The Role of Song in Roy Cohn’s Death Scene (Angels in America: Perestroika, Act 4, Scene 11)

The song Roy Cohn sings at the beginning of the scene.

Roy’s death scene in Perestroika, though short, contains two songs in it. The first comes as the scene starts, as Roy is singing John Brown’s Body softly. The song is a marching song dating back to the American Civil War, sung mostly by Union (the Northern States) soldiers and abolitionists opposed to slavery. John Brown was a famous abolitionist who thought armed uprising was the only way to liberation. He was the first person hanged for treason in the United States.

“I, John Brown, am quite certain that the crimes of this guilty land will never be purged away but with blood. I had, as I now think vainly, flattered myself that without very much bloodshed it might be done.”

John Brown, last words.

As for why Roy Cohn would sing this song, it seems to be part of how the song describes John Brown’s march to Heaven, as Roy himself is soon to make that trip, according to him. He doesn’t seem to be convinced of abolitionism in any way.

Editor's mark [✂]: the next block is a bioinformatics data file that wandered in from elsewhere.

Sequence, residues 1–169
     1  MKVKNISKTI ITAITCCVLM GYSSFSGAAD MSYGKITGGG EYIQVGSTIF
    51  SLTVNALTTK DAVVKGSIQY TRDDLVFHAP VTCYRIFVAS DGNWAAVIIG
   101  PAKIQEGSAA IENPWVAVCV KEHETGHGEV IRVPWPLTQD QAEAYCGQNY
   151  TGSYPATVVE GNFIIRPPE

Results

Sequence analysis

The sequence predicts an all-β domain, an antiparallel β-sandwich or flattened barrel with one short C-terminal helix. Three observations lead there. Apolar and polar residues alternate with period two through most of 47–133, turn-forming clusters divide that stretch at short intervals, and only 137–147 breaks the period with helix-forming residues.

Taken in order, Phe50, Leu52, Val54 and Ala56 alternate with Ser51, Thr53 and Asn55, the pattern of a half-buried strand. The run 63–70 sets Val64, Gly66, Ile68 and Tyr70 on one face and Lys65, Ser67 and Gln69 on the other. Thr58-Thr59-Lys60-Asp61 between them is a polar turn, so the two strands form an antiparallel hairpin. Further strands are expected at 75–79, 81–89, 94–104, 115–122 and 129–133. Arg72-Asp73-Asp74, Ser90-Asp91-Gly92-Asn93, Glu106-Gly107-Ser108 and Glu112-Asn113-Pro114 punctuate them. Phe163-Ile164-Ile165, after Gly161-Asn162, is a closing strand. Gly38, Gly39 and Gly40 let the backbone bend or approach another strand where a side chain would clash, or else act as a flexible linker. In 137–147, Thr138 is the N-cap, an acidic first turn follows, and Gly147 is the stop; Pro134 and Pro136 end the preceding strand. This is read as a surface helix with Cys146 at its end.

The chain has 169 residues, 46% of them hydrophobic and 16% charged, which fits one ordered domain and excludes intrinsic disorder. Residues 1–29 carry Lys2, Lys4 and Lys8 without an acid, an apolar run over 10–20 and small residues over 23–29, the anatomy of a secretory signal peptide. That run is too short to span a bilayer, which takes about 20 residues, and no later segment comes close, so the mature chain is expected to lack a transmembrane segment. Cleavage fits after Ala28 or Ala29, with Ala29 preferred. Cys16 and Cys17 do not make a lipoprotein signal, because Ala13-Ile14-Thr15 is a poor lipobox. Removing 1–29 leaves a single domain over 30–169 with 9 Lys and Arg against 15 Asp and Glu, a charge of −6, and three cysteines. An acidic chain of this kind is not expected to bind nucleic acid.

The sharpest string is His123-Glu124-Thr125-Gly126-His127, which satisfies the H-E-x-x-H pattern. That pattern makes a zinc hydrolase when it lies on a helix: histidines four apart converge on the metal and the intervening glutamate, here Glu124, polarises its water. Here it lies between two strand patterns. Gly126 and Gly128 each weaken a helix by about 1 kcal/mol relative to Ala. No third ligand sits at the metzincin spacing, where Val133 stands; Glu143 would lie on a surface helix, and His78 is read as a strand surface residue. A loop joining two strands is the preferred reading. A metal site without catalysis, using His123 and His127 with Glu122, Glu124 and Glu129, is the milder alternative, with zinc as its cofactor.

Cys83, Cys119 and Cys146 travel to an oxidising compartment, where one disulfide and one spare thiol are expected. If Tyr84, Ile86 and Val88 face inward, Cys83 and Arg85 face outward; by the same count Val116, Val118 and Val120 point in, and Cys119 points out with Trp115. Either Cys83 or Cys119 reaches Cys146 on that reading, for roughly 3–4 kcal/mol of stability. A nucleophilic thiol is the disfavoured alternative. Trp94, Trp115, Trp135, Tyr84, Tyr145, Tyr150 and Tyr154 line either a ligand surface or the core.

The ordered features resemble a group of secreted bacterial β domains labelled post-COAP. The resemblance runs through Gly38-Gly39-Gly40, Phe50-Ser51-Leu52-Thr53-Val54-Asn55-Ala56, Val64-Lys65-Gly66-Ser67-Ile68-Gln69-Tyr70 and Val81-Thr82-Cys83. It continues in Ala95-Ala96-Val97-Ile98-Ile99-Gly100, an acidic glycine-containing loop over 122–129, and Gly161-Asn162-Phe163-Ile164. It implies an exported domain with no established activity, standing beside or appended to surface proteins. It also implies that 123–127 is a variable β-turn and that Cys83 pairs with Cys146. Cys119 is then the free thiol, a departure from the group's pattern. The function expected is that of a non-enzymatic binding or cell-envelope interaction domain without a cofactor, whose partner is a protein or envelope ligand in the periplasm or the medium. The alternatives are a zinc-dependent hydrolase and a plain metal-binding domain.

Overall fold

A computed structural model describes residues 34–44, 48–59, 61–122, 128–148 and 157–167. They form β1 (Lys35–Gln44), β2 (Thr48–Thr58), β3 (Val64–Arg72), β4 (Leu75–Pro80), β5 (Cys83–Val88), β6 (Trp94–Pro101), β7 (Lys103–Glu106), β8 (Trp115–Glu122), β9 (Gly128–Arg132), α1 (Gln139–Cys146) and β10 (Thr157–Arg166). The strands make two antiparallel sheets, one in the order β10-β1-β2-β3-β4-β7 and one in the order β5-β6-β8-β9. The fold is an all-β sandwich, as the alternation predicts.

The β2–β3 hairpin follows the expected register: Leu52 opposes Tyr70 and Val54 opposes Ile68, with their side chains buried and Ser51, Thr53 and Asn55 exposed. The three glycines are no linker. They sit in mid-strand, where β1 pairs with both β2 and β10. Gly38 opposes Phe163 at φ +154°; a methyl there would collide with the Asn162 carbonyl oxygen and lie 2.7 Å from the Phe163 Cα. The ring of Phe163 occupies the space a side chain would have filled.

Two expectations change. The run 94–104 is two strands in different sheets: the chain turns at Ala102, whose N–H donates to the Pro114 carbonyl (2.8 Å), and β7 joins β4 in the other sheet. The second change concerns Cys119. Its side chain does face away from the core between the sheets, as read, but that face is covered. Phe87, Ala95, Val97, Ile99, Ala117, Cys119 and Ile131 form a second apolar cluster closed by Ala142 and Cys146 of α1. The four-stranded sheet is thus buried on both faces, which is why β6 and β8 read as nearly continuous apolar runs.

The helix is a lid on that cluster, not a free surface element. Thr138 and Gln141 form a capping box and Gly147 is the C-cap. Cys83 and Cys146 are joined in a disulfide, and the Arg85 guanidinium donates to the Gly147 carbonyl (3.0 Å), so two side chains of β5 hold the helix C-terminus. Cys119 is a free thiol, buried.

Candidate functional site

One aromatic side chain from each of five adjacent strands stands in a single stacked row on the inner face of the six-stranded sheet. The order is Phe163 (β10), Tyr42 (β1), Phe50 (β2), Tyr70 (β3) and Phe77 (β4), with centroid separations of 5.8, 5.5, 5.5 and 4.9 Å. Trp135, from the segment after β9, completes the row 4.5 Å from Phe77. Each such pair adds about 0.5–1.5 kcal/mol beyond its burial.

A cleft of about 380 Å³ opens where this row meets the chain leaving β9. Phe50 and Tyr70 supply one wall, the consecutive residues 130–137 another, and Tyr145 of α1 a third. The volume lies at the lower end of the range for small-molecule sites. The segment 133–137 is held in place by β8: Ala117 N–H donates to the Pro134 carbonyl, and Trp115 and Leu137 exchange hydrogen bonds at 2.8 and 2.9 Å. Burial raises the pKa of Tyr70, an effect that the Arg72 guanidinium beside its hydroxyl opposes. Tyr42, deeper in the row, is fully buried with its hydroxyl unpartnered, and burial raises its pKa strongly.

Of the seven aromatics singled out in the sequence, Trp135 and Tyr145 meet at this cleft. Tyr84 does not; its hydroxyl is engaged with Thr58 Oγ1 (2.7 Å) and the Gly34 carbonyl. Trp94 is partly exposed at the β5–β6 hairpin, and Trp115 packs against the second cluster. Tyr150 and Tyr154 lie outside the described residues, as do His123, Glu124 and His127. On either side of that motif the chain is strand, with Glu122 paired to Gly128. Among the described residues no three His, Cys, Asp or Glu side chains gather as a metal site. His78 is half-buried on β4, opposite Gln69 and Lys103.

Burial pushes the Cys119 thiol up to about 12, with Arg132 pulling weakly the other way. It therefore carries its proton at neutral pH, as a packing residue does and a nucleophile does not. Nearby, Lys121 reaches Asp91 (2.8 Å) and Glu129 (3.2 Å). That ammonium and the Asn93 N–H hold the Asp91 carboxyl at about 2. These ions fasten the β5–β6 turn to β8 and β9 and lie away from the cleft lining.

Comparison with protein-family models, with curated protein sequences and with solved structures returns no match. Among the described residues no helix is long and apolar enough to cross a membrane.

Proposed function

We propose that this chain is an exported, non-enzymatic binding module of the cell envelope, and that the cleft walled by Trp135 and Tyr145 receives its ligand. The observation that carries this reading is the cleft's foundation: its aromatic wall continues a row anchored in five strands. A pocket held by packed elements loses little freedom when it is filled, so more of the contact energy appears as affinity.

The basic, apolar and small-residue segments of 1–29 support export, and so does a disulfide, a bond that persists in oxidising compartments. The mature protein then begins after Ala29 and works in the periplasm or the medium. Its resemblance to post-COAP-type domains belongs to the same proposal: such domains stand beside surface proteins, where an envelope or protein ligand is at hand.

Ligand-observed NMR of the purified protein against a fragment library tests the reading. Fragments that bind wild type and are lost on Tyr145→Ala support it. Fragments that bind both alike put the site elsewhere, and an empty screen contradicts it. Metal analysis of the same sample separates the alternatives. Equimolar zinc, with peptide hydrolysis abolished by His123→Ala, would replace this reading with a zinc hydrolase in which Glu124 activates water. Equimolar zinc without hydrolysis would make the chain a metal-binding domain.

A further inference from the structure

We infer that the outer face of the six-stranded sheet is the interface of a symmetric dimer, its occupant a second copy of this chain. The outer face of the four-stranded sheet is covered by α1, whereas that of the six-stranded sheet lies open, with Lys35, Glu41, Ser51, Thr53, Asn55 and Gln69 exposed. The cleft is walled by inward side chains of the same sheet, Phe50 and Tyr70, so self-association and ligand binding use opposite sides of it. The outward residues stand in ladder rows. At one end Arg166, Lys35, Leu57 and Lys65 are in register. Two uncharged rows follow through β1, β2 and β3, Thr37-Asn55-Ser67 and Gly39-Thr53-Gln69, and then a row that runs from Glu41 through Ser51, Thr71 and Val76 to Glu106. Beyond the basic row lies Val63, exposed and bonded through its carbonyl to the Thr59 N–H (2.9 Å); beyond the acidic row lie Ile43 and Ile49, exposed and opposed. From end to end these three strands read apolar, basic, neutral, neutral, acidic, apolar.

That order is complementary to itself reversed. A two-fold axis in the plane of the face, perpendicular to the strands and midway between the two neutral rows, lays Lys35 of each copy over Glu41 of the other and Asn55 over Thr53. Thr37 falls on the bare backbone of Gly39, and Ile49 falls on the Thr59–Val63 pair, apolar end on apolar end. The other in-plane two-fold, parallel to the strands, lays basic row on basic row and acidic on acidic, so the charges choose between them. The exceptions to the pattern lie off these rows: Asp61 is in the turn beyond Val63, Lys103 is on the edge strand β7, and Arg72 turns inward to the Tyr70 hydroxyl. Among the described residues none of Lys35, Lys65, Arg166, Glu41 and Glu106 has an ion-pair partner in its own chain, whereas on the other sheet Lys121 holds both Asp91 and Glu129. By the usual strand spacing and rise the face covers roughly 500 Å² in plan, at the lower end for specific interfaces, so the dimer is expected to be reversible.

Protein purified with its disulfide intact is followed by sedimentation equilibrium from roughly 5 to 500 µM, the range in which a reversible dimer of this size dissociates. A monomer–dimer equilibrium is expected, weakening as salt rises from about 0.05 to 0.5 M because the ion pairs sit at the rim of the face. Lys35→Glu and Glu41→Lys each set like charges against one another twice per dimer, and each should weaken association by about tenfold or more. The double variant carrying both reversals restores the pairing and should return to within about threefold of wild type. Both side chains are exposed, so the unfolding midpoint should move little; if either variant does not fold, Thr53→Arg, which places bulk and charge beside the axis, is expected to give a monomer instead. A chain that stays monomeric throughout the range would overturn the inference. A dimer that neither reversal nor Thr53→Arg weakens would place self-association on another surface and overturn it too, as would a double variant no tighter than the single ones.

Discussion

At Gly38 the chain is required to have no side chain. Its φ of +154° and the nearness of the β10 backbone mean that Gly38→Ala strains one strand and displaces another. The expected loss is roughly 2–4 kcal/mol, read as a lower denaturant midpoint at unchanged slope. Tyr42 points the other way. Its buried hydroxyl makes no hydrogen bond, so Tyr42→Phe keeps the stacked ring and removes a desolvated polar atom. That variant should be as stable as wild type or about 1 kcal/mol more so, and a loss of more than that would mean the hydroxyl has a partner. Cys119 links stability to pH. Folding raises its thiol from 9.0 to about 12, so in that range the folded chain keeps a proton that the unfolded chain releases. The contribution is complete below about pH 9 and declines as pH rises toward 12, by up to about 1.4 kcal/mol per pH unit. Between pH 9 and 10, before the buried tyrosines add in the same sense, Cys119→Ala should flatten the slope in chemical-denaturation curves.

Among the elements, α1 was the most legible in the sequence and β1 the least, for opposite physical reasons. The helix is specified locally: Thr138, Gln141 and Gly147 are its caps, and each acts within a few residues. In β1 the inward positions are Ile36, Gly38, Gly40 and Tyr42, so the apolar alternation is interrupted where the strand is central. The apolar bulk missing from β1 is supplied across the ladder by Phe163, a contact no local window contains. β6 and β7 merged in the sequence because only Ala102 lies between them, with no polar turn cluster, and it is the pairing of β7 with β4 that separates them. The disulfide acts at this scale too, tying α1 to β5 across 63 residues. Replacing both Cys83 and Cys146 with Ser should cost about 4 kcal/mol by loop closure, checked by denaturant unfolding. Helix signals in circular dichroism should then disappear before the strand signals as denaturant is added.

The other song in the scene is sung by Ethel Rosenberg, at the acting of Roy, who pretends to be so delirious that he’d confuse Ethel with his mom, and she sings Tumbalalaika.

Tumbalalaika is a Yiddish/Russian folk song. Its title comes from two words, Tun, which is the Yiddish onomatopoeia for a sound, and Balalaika, which is a Russian stringed instrument.

A Balalaika

The song itself is a love song about a boy who has to make his mind up about who to be with. The body of the song is a to-and-fro where the boy riddles a girl, who answers in kind. The full text can be accessed here.

Tumbalalaika, the love song Ethel sings, as performed by The Barry Sisters.

The part that’s included in the play reads, in English:

A young boy stands

And he thinks,

Thinks and thinks

A whole night:

Whom to take

And not to shame,

Whom to take

And not shame,

Tum-ba-la, tum-ba-la, tum-balalaike,

Tum-ba-la, tum-ba-la, tum-balalaike,

Tum-balalaike, play balalaika—

Though nothing is said about it, the fact that it’s a love song explicitly between a boy and a girl seems to point towards Roy Cohn’s hidden sexuality, as it is the ghost of Ethel that sings it. The answer remains ambiguous.

Leave a Comment

Your email address will not be published.